World Fish Center (previously ICLARM)

Produces a range of resources and materials on fishery-related issues, including the database Fishbase:

The World Fish Center, PO Box 500, GPO, 10670 Penang, Malaysia (Street address: Jalan Batu Maung, 11960 Bayan Lepas, Penang, Malaysia). Tel: + 60 4 6261606; Fax: 6265530; Website:

Also hosts ReefBase, a global coral reef database. Website:

WRI - World Resources Institute

Produces EarthTrends – the Environmental Information Portal ( ) which contains a variety of protected area information. Other WRI publications, such as Reefs at Risk available from:

World Resources Institute, 10G Street, NE, Suite 600, Washington D.C., USA. Tel: + 1 202 7297600; Fax: 7297610

AIMS - Australian Institute of Marine Science

Produces many reports and guides relating to the monitoring and management of tropical marine ecosystems.

Australian Institute of Marine Sciences, PMB No 3, Townsville Mail Centre, Townsville, Q 4810, Australia. Email:

CRC Reef Research Centre for the Great Barrier Reef World Heritage Area

This research centre produces many technical reports and information sheets which can be ordered or viewed via their web site.

CRC Reef Research Centre, James Cook University, Townsville 4811, Australia. Website:

GBRMPA - Great Barrier Reef Marine Park Authority

The GBRMPA manages the Great Barrier Reef in Australia, the largest coral reef MPA in the world. It produces a wide range of technical and educational materials which can be viewed via their web site or obtained in hard copy.

Great Barrier Reef Marine Park Authority, PO Box 1379, Townsville, Queensland 4810, Australia. Website:

Coastal Resources Center, University of Rhode Island

Produces many publications and other resources on coastal management:

Coastal Resources Center, University of Rhode Island, Narragansett, RI 02882, USA. Tel: +1 401 8746224; Fax: 7894670; Email: Website:

Newsletters, general references and other useful sources

MPA News - published monthly through the School of Marine Affairs, University of Washington, Seattle. Subscriptions are free and issues can be received electronically or in paper form. To subscribe, send an email to . The website allows automated searches by keyword through back issues of the newsletter.

CoastCare Fact Sheet - South Africa has its own ‘marine’ toolkit, which gives a wealth of information on topics relevant to the WIO in general, although with a South African angle:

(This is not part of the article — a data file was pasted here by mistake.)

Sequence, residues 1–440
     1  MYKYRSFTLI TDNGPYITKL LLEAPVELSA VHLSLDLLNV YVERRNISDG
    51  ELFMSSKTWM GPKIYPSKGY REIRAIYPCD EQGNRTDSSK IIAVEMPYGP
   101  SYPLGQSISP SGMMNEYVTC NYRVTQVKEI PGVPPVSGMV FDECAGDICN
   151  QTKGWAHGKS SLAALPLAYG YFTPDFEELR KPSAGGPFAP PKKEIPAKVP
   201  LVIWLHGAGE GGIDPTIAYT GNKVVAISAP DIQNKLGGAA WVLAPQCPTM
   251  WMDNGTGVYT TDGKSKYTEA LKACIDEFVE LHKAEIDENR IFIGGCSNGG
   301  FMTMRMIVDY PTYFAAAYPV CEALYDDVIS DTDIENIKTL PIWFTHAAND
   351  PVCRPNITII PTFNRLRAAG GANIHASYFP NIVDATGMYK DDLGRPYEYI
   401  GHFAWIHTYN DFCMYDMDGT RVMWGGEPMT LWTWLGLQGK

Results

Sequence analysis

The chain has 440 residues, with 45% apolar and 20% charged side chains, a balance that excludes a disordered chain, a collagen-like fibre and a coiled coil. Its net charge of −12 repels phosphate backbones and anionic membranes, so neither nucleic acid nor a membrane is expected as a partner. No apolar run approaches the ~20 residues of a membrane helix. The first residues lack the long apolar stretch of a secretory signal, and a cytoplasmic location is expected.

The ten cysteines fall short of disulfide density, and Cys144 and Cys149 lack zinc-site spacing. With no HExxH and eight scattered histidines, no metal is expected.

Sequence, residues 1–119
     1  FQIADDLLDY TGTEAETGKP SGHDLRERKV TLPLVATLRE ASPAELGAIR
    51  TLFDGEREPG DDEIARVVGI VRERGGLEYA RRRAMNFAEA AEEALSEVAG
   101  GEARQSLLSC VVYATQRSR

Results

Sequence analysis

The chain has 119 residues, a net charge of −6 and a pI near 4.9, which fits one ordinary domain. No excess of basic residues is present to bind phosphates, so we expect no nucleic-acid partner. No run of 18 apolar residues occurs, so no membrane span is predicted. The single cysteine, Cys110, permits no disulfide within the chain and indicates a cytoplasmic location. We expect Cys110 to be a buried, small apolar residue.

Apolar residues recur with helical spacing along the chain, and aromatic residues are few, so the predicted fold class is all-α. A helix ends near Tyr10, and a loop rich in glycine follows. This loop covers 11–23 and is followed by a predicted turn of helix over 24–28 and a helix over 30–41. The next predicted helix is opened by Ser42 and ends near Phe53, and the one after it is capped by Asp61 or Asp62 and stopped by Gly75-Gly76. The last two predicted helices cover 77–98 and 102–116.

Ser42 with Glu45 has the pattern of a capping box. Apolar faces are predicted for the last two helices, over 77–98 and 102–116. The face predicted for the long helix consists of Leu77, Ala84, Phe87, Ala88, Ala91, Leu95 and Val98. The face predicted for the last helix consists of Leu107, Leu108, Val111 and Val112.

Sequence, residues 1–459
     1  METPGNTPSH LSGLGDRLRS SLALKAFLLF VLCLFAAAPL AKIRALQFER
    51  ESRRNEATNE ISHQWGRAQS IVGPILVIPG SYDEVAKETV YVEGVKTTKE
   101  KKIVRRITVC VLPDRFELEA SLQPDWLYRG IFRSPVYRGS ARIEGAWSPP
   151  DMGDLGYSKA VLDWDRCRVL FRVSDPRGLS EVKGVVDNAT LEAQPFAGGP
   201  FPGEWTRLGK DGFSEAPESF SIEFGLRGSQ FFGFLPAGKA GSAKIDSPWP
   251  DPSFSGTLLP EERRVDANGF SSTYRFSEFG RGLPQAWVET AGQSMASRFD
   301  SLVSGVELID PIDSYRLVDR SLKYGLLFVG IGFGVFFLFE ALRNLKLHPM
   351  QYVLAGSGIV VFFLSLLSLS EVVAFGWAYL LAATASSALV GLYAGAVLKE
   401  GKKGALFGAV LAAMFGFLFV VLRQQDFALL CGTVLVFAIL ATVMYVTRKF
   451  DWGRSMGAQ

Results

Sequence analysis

Attwood, C., Branch, M., Mann-Lang, J., Matthews, S., Glavovic, B. 2001. CoastCare Fact Sheet Series. Department of Environmental Affairs and Tourism, South Africa. Website:

Coral-List - NOAA’s Coral Health and Monitoring Program listserver provides a forum for discussions and announcements by coral reef researchers interested in reef health and conservation. Subscription details on the website:

UN Atlas of the Oceans – an Internet portal that provides an information system for use by policymakers, scientists and resource managers, covering a wide range of coastal and marine management topics. Website:

UNESCO OceanPortal – a web-based directory of Ocean Data and Information related web sites, aimed at helping scientists and other marine experts locate information. Website:

Global Islands Network – the website for this non-profit organisation, aimed at helping with sustainable development in island nations, has a range of useful publications and resources.


Using the internet

The Internet is a vast, expanding, worldwide network, available to anyone with access to a computer, modem and telecommunications. It provides access to both email and the World Wide Web ( www or ‘the web’). This consists of many millions of screen pages of text, images and sound files, made available by individuals or organisations including governments, companies and NGOs. The information is made available on ‘web pages’ which are located at a specific addresses called a ‘website’.

Websites are viewed by a computer programme called a browser, of which of two popular ones are Internet Explorer and Netscape. Exploring the web is called web-surfing or surfing. Every website has a unique address, known as a domain. The address generally starts with www and ends with certain letter combinations. Domains can be registered (owned) by governments, organizations or individuals.